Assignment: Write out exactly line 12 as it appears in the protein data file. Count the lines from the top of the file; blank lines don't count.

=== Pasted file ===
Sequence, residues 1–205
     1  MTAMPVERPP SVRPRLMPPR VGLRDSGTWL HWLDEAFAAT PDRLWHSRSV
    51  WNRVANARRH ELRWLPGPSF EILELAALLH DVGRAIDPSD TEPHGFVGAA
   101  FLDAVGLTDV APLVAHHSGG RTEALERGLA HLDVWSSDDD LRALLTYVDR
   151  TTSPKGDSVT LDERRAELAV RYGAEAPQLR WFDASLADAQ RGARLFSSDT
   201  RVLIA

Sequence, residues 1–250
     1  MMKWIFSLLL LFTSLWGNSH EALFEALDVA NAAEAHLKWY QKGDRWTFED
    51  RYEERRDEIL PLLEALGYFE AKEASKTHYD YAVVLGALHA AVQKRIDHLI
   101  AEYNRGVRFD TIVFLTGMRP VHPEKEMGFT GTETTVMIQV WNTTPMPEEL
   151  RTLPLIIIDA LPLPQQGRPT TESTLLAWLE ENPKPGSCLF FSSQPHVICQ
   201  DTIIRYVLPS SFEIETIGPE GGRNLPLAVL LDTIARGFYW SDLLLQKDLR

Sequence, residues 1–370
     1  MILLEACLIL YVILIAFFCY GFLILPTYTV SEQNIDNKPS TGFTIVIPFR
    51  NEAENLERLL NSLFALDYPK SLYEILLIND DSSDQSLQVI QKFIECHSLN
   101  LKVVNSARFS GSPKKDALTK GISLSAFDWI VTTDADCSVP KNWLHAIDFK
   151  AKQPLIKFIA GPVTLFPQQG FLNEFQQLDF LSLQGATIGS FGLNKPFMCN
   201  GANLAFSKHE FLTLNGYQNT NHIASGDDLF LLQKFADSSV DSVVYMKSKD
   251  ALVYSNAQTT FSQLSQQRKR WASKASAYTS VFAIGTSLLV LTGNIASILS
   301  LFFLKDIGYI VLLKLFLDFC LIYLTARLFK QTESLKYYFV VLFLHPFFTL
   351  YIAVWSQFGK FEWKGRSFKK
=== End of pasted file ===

   201  DTIIRYVLPS SFEIETIGPE GGRNLPLAVL LDTIARGFYW SDLLLQKDLR